Ikea and the forest products industry

Martin Fairbank
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A few years ago, I visited a major department store to purchase a sofa, but the item I wanted was out of stock and had to be back-ordered.

I arranged to have it delivered a couple of weeks later, but I had to be at home between 1 and 9 pm in order to take delivery, so I arranged to work from home that afternoon. As it happened, the delivery company got the date wrong, and I got their phone call at work a day ahead of schedule to say that delivery personnel were waiting for me outside my home. I couldn't leave work, however, and had to reschedule the delivery.

Fast forward to this year, when I bought a sofa from Ikea. I chose the model I wanted on-line, made sure it was in stock, ordered it, drove to the store to pick up the three boxes it was packaged in, and loaded it easily into my compact car.

Companies that focus on online business models are thriving today, while many brick-and-mortar stores such as Eaton's, Zellers, Target and Sears have gone out of business in Canada. We could lament the loss in business for department store flyers this has brought the paper industry. But this changing business model is also bringing new business opportunities to the forest products industry, in several ways.

The flat-pack model that Ikea developed for shipping its products requires a lot of corrugated containers (three boxes for one loveseat in my case). Ikea has replaced all its Styrofoam packaging (for cushioning corners, for instance) with fibre-based honeycomb packaging. The assembly instructions are printed on paper. Ikea bought 96,934 tonnes of paper worldwide last year for its catalogues. And finally, many of its furniture products are made with a wood frame.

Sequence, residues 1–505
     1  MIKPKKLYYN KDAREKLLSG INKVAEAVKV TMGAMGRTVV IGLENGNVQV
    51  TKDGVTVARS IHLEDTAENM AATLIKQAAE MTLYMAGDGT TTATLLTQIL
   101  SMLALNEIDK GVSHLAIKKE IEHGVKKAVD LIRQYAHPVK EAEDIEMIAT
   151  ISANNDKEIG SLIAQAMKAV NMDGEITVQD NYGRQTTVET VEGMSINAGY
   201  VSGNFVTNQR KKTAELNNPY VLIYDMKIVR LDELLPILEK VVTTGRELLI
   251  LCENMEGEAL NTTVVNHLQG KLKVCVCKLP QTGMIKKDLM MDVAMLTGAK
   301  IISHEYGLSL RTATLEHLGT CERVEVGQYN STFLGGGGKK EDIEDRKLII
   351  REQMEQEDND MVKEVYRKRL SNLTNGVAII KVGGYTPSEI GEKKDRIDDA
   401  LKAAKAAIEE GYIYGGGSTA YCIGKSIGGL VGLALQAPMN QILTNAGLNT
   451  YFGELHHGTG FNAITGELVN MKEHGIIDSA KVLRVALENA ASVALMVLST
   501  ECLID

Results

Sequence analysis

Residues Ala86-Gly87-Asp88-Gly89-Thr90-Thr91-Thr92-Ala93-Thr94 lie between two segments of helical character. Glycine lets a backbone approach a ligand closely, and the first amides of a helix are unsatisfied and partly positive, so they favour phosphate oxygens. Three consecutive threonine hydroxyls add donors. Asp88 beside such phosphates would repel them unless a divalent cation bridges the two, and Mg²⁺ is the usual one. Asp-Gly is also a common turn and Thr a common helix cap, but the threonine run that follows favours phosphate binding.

Ikea is a company very focused on sustainability and lowering its environmental footprint. I recently perused its 97-page 2016 Sustainability Report. One interesting figure: Ikea purchased 15.75 million m3 of roundwood equivalent in 2016. To imagine what this annual volume of wood looks like, it's equivalent to about 10 times the internal volume of the Rogers Centre stadium in Toronto! Ikea says that 61% of this wood is "more sustainable", which it currently defines as FSC-certified. It has a goal of reaching 100% FSC for 2020, but is beginning to recognize that some of its smaller suppliers are reluctant to go through the expensive certification process with no return on investment.

A future opportunity for the forest products industry in home furnishings could be replacing cotton (another high-volume raw material for Ikea) with rayon or one of the new wood or cellulose based textile fibres being developed at various research institutes around the world. Potential suppliers would have to show they can match or beat cotton quality, price and environmental footprint.

A final reflection on furniture delivery: I was recently given a tour of Dubrovnik, Croatia - a walled city built in medieval times where many of the streets are only a few feet wide. Most houses are four stories tall, with a narrow and steep staircase connecting the floors. Moving of furniture in and out of these buildings is traditionally done using a rope attached to a hook above the windows. Asked whether this is still the practice today, our tour guide said, "That's what we've got Ikea for!"

Martin Fairbank, Ph.D. Martin Fairbank has worked in the forest products industry for 31 years,
including many years for a pulp and paper producer and two years with
Natural Resources Canada. With a Ph.D. in chemistry and experience in
process improvement, product development, energy management and lean
manufacturing, Martin currently works as an independent consultant,
based in Montreal. He is also an author, having recently published
Resolute Roots, a history of Resolute Forest Products and its
predecessors over the last 200 years.

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Martin Fairbank Consulting

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